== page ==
75 Pa.C.S.A. § 1704(b); Franks, at 82. The requirement regarding renewal notices constitutes a regulatory provision, to be enforced by the Insurance Department. The fact that it does not provide a remedy to private litigants does not render the provision mere surplusage.
Plaintiff also cites Pennsylvania law regarding statutory construction in an effort to persuade this Court that the remedial provision does in fact apply to renewal forms. He points to 1 Pa.C.S.A. § 1921(a), which states that "the object of all interpretation and construction of statutes is to ascertain and effectuate the intention of the General Assembly." See also Motorists Insurance Companies v. Emig, 444 Pa. Super. 524, 664 A.2d 559 (1995); Lambert v. McClure, 407 Pa. Super. 257, 595 A.2d 629 (1991). Plaintiff also cites the decisions of Pennsylvania courts which have held that the MVFRL is to be construed liberally in order to give effect to its objects, one of which is affording the injured plaintiff the greatest possible coverage. Danko v. Erie Insurance Exchange, 428 Pa. Super. 223, 630 A.2d 1219 (1993), aff'd 538 Pa. 572, 649 A.2d 935 (1994); Sturkie v. Erie Insurance Group, 407 Pa. Super. 117, 595 A.2d 152 (1991).
Furthermore, Plaintiff contends that reading the statute as failing to provide a remedy in this situation would be absurd and unreasonable, and would therefore contravene 1 Pa.C.S.A. § 1922(1) (stating that the General Assembly does not intend a result that is absurd, impossible or execution or unreasonable). Finally, Plaintiff cites cases stating that, in close or doubtful insurance cases, the intent and language of insurance policies must be interpreted in favor of coverage for the insured. Danko, at 1222. Lambert, at 261.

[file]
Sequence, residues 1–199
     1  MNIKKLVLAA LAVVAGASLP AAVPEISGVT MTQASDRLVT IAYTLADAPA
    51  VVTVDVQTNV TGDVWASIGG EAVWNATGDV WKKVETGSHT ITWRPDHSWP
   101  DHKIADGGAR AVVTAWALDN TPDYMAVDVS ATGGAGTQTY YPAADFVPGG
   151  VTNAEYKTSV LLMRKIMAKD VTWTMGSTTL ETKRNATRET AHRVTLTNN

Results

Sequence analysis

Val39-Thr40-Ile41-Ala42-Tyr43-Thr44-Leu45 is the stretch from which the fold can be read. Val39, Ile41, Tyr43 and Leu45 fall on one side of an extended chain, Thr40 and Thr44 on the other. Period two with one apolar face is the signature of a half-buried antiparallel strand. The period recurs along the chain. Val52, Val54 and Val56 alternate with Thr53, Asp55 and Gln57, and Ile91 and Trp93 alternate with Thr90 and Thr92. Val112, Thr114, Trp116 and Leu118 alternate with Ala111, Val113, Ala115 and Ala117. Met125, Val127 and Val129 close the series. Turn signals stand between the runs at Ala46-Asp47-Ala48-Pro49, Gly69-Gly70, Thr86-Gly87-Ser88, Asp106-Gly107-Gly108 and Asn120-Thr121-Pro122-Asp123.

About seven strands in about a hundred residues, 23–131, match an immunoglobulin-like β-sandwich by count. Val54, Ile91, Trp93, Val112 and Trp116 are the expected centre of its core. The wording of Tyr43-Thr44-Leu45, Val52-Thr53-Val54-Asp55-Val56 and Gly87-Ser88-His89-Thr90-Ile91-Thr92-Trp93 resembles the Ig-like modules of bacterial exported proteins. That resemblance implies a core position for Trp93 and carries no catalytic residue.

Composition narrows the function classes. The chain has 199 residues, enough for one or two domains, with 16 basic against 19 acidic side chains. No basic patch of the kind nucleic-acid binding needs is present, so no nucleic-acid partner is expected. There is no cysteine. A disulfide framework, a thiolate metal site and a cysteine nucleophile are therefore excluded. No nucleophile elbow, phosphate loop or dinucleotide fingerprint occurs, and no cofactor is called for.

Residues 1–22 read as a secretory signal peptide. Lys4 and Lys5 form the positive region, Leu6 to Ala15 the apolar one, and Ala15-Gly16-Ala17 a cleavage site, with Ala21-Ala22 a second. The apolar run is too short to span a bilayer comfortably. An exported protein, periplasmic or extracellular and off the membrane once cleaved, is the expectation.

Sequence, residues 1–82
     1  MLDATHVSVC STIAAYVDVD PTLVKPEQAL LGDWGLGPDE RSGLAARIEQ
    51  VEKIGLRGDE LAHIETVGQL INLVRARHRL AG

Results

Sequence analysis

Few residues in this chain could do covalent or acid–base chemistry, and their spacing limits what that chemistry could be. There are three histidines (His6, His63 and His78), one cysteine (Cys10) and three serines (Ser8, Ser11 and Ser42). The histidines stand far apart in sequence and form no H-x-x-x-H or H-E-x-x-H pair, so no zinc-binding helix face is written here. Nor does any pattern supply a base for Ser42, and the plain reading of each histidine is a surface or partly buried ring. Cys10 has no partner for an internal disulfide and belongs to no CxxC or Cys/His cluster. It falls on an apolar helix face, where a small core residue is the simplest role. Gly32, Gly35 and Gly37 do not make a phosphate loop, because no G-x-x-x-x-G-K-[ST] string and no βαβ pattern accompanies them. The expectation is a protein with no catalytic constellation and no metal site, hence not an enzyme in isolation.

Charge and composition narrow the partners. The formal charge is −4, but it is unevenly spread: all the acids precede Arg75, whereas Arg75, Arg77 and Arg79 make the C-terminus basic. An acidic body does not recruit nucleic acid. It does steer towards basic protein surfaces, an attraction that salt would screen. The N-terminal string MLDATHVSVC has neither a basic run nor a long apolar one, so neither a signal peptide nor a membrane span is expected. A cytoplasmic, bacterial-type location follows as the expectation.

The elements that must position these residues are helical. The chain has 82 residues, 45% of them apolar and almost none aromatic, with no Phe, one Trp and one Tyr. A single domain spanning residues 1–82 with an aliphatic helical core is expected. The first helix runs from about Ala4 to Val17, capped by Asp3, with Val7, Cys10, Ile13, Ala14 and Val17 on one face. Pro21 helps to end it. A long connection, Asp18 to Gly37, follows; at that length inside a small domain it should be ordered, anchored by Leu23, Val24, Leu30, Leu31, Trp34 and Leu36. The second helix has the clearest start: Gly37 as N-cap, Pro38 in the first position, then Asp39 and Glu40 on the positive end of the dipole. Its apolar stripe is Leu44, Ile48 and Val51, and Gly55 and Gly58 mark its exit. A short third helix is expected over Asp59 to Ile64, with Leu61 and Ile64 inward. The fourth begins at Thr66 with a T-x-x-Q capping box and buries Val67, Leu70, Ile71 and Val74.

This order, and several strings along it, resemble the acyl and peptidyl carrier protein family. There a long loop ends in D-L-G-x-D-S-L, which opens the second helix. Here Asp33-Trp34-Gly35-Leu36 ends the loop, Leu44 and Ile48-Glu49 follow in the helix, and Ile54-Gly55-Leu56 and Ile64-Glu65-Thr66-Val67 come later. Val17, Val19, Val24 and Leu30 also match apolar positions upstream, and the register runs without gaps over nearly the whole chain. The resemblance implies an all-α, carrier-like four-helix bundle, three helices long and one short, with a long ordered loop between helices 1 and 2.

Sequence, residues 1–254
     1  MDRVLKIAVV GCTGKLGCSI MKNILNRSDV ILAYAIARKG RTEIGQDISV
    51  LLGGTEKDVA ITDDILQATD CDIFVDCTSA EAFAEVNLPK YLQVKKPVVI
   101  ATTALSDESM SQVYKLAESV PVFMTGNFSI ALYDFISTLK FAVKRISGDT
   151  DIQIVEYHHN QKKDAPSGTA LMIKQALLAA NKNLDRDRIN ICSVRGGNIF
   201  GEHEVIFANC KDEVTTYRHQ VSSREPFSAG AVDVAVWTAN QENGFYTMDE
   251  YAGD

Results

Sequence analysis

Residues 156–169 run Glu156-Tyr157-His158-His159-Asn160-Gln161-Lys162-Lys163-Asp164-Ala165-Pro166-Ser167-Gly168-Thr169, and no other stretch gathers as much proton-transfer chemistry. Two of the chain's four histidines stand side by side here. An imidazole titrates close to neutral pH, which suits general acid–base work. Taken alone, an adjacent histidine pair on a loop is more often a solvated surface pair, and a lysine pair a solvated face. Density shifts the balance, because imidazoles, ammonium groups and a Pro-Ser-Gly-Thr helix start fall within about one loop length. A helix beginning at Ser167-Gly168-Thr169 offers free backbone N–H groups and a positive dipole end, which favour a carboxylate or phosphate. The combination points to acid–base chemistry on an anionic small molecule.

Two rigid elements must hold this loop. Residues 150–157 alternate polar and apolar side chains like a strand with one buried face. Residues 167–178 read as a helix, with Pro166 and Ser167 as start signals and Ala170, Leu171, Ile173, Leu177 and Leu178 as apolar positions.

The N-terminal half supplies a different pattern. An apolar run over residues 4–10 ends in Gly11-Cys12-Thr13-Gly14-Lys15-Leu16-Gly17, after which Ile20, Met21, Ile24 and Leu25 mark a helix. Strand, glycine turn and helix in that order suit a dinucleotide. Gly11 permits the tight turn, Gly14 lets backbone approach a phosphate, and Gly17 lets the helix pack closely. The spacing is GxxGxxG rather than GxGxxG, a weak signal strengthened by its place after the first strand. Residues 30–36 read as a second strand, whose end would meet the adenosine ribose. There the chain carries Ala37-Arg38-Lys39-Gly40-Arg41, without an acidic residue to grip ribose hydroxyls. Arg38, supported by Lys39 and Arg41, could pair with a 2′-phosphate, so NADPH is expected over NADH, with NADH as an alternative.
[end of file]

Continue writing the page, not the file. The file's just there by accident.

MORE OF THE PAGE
While I give full credit to Plaintiff's arguments concerning statutory interpretation, such canons simply do not apply where the statutory language is clear. Here it is clear enough. This belief was implicit in the district court's decision in Franks : "the subsection provides a specific remedy for an invalid rejection form, but does not provide for a remedy for an improper renewal notice." Franks, at 82.
Based upon the fact that the plain language of the statute clearly requires it, and bolstered by the fact that the district court in Franks, the most factually similar and reasoned precedent available, has already so concluded, I conclude that the remedial provision of § 1731(c.1) does not supply a remedy to an individual for a failure to provide prominent notice of the absence of uninsured motorist coverage in a renewal policy. "Moreover, it is not the place of the courts to create a remedy when no remedy is provided within a statutory scheme, including a remedy by analogy to another provision of the statute." Franks, at 82. Therefore, an insured individual who has validly waived uninsured motorist liability coverage is not entitled to such coverage by operation of law where the notice requirement has been violated. Defendant's Motion for Summary Judgment is therefore granted.
AND NOW, this 20th day of November, 1996, Defendant's Motion for Summary Judgment is hereby GRANTED, and Defendant is hereby DISMISSED.
Anita B. Brody, J.